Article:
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Artificial Intelligence (AI)

As artificial intelligence (AI) systems take on more tasks and solve more problems, it’s hard to say which is rising faster: our interest in them or our fear of them. Futurist Ray Kurzweil famously predicted that “By 2029, computers will have emotional intelligence and be convincing as people.”

We don’t know how accurate this prediction will turn out to be. Even if it takes more than 10 years, though, is it really possible for machines to become conscious? If the machines Kurzweil describes say they’re conscious, does that mean they actually are?

Perhaps a more relevant question at this juncture is: what is consciousness, and how do we replicate it if we don’t understand it?

In a panel discussion at South By Southwest titled “How AI Will Design the Human Future,” experts from academia and industry discussed these questions and more.

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Disruptive technologies: Advances that will transform life, business, and the global economy

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McKinsey Global Institute publishes study on innovations that will transform life, business, and the global economy

We are in an ever changing parade of new innovations on numerous fronts. Just about every development in technology is charged as a leap forward, and we are constantly looking for the “next big thing”. However, not every upcoming innovation will truly be able to influence the business or social landscape, but some of them might be disruptive for existing conditions and change the way we live and work. As such it is important as a business leader to comprehend which technologies will matter to them and how to prepare for changes.[/vc_column_text][vc_separator][/vc_column][/vc_row][vc_row][vc_column width=”1/1″][vc_column_text]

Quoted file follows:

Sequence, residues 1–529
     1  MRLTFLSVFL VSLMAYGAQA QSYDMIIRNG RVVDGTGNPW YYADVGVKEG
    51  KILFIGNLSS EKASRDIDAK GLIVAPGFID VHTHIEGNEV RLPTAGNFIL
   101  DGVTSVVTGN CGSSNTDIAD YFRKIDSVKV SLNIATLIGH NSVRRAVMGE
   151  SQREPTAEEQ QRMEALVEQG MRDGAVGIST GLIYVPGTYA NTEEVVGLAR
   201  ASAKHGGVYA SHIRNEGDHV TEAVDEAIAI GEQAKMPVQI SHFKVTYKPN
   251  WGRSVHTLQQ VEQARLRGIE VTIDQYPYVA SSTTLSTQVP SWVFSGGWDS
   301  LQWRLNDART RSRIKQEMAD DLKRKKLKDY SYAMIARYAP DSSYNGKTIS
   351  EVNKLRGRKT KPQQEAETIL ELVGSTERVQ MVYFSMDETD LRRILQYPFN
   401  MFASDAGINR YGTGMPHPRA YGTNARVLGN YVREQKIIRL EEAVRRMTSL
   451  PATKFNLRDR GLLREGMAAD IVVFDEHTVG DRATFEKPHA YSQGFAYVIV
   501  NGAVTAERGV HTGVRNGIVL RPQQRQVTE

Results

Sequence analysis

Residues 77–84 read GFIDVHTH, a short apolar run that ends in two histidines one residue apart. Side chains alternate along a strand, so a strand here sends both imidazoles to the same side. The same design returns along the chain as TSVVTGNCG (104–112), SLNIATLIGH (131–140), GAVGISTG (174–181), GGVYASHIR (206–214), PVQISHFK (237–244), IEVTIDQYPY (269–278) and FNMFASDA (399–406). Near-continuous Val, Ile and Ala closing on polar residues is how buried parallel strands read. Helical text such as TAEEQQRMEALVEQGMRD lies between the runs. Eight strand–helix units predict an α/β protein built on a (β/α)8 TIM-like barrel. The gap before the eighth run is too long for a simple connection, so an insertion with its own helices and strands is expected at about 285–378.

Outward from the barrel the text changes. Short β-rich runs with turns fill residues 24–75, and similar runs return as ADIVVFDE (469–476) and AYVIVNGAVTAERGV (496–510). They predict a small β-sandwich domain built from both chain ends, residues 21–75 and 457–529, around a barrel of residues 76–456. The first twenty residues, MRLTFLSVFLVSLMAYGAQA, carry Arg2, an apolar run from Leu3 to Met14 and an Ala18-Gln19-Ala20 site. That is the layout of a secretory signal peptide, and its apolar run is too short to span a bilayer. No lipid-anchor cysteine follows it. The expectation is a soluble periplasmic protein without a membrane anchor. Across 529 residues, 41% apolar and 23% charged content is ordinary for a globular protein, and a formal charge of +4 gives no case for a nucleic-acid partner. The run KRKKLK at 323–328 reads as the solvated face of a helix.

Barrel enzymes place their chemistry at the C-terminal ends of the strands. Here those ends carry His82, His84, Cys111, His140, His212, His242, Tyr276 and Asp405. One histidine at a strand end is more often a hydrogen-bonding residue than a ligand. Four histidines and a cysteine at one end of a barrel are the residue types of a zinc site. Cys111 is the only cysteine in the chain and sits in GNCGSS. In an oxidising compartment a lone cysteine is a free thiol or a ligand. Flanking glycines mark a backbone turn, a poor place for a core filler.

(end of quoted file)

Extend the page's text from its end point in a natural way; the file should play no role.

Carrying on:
Disruptive technologies: Advances that will transform life, business, and the global economy. (McKinsey Global Institute)

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[vc_row][vc_column width=”1/1″][vc_column_text]The fundaments of the consultancy’s business plans have basically not altered in more than 100 years: Sending outcasts, smart and agile, into associations for a limited time and asking them to propose solutions for the most troublesome issues their customers had to solve. Some experienced specialists have been questioned by a team of researchers and they sneered at the assumption of a coming disruption in their industry, noting that customers will always be confronted by new challenges,thus giving consultants a reason to exist. Their response is reasonable, in light of the fact that two variables—opacity and agility—have long made consultants resistant to disruption.[/vc_column_text][vc_separator][/vc_column][/vc_row][vc_row][vc_column width=”1/1″][vc_column_text]

In “Consulting on the Cusp of Disruption” (Harvard Business Review, Oct. 2013), Clayton Christensen, Dina Wang & Derek van Bever point out the coming disruptive changes in the world of management consulting:

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